Film Studies at Michigan State University offers an innovative Bachelors of Arts in Film Studies, as well as a Minor in Film Studies, and two filmmaking Minors in Fiction Filmmaking and in Documentary Production. We also coordinate a Graduate Certificate in Film Studies. Our curriculum engages students in the history, theory, and production of world cinema. Classes examine the moving image globally across a range of industrial and artisanal contexts, and encourage students to understand cinema as an art, business, and technology. Learning the craft of filmmaking as well as criticism, students develop the creative and critical skills necessary today in all areas of media art. With this training, our graduates have gone on to a wide range careers that utilize and depend on the moving image: from film production, digital distribution, and film criticism, to arts management, educational programming, and public affairs work.
Our courses offer a holistic grounding in the cinematic arts, and overall, our program has overlapping strengths in three focus areas:
1. Global Diversity: Our faculty carry out extensive work on diversity and inclusion in film and media in terms of race, ethnicity, and class as well as gender and sexuality. Stretching globally, we have particular and unique strengths in these areas around issues of social justice that encompass the Global South as well as North America. In particular, we have established strengths in African and African-American cinema, Indian and Tamil cinema, Middle Eastern and Iranian cinema, queer film and media, and we are exploring the ways in which these areas intersect globally through cinema and with new media aesthetics.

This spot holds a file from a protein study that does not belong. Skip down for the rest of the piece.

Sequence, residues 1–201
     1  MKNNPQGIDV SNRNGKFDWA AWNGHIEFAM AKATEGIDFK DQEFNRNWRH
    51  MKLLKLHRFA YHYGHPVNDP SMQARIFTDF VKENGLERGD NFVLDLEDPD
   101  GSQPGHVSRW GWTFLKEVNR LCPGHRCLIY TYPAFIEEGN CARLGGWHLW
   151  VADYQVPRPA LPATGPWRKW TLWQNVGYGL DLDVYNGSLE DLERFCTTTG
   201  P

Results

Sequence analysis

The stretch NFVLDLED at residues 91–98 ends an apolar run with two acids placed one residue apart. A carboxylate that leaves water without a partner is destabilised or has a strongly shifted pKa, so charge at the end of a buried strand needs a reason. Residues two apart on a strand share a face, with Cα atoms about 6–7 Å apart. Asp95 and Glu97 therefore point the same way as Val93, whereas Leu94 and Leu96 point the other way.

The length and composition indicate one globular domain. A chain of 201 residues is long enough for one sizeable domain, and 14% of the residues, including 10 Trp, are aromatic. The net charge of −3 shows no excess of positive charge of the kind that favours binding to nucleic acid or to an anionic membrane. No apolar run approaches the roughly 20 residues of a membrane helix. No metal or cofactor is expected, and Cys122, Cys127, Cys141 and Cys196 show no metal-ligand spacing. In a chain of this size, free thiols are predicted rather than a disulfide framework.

2. Aesthetics and Technology: Encompassing color technologies in silent cinema, modernist design and sound aesthetics at midcentury, and emergent digital media in the Global North and South, faculty research and teaching in this area is both historically focused and theoretically engaged, particularly around questions of the sensory, cultural, and racialized, gendered, and classed experience of the new technologies of modernity.
3. Independent Filmmaking: Within our BA in Film Studies as well as in our two collaborative filmmaking minors, we have cultivated a boutique approach to independent production both in faculty work and amongst our students. We strongly emphasize the integration of critical analysis with critical practice in filmmaking, and train our students to be culturally engaged scholars as well as writers, editors, and directors. In a time when the continued and unacceptable bias against women and minorities in mainstream production work is becoming increasingly contentious, though unchanged, we place issues of diversity and inclusion at the radical core of our filmmaking practice and pedagogy.